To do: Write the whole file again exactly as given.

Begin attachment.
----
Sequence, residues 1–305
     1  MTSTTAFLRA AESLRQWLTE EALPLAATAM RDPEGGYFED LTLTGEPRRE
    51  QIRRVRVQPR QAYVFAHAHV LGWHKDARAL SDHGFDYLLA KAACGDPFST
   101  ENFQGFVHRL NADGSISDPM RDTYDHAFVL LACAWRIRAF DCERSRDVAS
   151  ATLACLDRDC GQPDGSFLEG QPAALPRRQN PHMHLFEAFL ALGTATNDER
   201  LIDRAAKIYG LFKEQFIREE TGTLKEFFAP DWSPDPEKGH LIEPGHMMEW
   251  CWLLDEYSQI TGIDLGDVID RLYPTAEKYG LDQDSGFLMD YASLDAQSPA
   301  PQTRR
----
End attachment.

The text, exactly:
Sequence, residues 1–305
     1  MTSTTAFLRA AESLRQWLTE EALPLAATAM RDPEGGYFED LTLTGEPRRE
    51  QIRRVRVQPR QAYVFAHAHV LGWHKDARAL SDHGFDYLLA KAACGDPFST
   101  ENFQGFVHRL NADGSISDPM RDTYDHAFVL LACAWRIRAF DCERSRDVAS
   151  ATLACLDRDC GQPDGSFLEG QPAALPRRQN PHMHLFEAFL ALGTATNDER
   201  LIDRAAKIYG LFKEQFIREE TGTLKEFFAP DWSPDPEKGH LIEPGHMMEW
   251  CWLLDEYSQI TGIDLGDVID RLYPTAEKYG LDQDSGFLMD YASLDAQSPA
   301  PQTRR